Wow! ECB Vice-President reads The Riot Act

A James Alexander post
The ECB has just put out a full transcript of Thursday’s press conference in Malta. No wonder the market responded well, in real time, as it listened to this splendid take-down of a serial inflation hawk questioner:

Question: You talked about the inflation picture being less sanguine. Can you just explain a little bit more to the public why you think you have to fight so hard against low inflation? Especially for lower and middle-income people, spending less at the gas station, spending less at the grocery store is helping their purchasing power. You’ve said before, people buy more stuff when inflation is low. Why spend all this money on government bonds to fight something that a lot of people would say is a good thing for them and for their budgets?My second question is, is there a risk that the ECB will just kind of fall into a trap of QE without end? That you keep doing it, that you keep buying government bonds? We see it from the Federal Reserve’s experience, whether or not they start raising interest rates. Is there a danger that this stimulus keeps going on and on and the markets just come to expect it and that you won’t be able to get out?

Draghi: Let me respond first to your second question. The projections of recovery both in output and inflation are based, are conditional on the full implementation of the QE programme as announced in January and the full implementation of all the credit-easing measures that have been announced in the course of 2014. So we have to continue on that. On the other hand, they were also based on a set of technical assumptions concerning exchange rates, oil prices, external demand, growth in output and so on. And to the extent that these conditions change and possibly worsen, we will have to adjust our QE programme or in general our monetary policy stance. That’s the sense of our discussion about downside risks.

On why to fight low inflation: I’ve discussed this many times. Low inflation on one hand has a supporting power for real disposable income. On the other hand, it increases the real value of debt. As we’ve seen, low interest rates promote consumption and it’s essential for the recovery of growth and economic activity. That’s why we’re fighting. But to fight low inflation doesn’t mean that we want high inflation. We just want to be compliant with our mandate, which is to drive inflation back to below but close to 2% in the medium term. I understand the Vice-President may want to add something on the first question.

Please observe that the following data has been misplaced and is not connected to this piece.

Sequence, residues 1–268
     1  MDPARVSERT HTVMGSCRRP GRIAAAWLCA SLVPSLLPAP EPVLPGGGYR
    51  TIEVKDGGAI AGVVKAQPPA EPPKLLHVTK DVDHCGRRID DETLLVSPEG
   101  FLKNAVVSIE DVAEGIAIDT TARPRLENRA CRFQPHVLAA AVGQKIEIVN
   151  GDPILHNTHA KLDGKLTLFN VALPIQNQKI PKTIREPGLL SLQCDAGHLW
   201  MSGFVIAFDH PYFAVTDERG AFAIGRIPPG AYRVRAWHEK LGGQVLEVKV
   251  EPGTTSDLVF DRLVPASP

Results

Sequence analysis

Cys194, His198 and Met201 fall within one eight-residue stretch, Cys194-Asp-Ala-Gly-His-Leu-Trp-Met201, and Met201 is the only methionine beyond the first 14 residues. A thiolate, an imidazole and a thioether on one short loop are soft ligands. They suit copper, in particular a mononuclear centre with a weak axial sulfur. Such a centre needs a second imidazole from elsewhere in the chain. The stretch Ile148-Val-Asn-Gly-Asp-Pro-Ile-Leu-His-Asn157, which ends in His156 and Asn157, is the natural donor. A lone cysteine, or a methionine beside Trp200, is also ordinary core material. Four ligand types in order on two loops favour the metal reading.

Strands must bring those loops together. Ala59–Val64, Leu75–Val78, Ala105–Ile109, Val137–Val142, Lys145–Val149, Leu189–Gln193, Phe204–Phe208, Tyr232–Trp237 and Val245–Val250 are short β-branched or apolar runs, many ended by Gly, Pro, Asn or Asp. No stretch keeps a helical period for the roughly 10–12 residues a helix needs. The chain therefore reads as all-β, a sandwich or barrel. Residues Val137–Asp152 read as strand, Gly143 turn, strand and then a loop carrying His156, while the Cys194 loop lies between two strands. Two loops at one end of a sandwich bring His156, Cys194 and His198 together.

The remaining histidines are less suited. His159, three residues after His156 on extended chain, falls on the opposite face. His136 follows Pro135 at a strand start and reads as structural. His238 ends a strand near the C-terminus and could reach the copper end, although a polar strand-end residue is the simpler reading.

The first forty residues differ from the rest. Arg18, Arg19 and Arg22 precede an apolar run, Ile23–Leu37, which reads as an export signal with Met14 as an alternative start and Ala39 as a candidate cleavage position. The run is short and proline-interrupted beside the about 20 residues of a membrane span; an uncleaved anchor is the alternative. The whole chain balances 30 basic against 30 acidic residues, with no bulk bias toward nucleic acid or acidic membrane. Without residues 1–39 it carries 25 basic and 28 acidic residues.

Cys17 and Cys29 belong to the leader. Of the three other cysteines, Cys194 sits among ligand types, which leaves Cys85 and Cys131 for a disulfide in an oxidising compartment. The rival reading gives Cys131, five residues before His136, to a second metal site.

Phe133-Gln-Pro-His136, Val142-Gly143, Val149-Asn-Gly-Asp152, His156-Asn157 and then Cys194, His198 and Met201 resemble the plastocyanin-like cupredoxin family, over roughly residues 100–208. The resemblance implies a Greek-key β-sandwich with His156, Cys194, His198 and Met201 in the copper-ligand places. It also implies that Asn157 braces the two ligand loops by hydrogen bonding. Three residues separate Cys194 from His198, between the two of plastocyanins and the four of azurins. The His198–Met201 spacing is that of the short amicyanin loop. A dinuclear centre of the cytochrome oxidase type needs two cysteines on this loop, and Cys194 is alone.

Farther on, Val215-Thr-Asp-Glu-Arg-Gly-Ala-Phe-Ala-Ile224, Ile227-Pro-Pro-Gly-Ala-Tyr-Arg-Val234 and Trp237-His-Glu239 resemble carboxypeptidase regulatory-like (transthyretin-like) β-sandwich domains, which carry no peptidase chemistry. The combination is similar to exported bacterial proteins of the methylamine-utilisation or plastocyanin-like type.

Constâncio: Yes, I would like to add something. Because it’s the second or third time that you asked that question, so let me add something. First, let me remind you that some years ago in the US there was a commission headed by an economist called Boskin to examine the measurement of inflation. And the conclusion of the Boskin Commission was that the way inflation is measured, in particular the type of indexes that are used, Laspeyres indexes, tend to exaggerate the measurement of inflation, in the case of the US by 1.5 percentage points. So, if the target would be zero, very likely we would be targeting a negative inflation rate. So there is a measurement problem with inflation which justifies that the target for inflation should be above zero.

Second point is the point that the President just reminded you about debt deflation, and when there is a situation of high indebtedness, when inflation is very low, the burden of servicing the debt increases and that is very detrimental to the economy. The third point is that with very low inflation or negative inflation, the real interest rate increases, and when the nominal rate cannot go below zero it means that the interest rate in real terms may be above the equilibrium real interest rates that would equal savings to investment at the level of full employment. So that’s another reason why negative inflation rates can be detrimental.

Then there are the deflation risks – real deflation, not what you implied in your question, because to have negative inflation for a few months is not a deflation situation. A deflation situation is a situation of prolonged period, meaning more than one year, of negative inflation. And in that case you have two phenomena: you have an increase in real wages, because there is rigidity in nominal wage growth to not go negative, so you will constrain supply, profits of firms, and you hit growth. And second, there is also then in such a situation a problem of consumers postponing their expenditure, if deflation lasts long enough; when we are talking about real deflation, not just a few months of negative inflation.

So there are a host of reasons why central banks fight deflation, why they spend money, as you implied – and by the way, just reminding you, there is not just one way of central banks to spend money to fight low inflation. We and other central banks purchase securities. The Swiss central bank purchases foreign exchange in order to defend the level of the exchange rate that they want, and they have a balance sheet which is higher than ours in relation to the respective GDP.”

One thought on “Wow! ECB Vice-President reads The Riot Act

  1. Nice post. I still say central bankers make both PR and policy mistakes when discussing the need for stimulus. A central banker should not say he is seeking a higher rate of inflation, but rather that he is seeking robust growth that usually incurs a moderate amount of inflation.
    Something along the lines of, “Boom times tend to bring about some moderate inflation. But we want boom times.”

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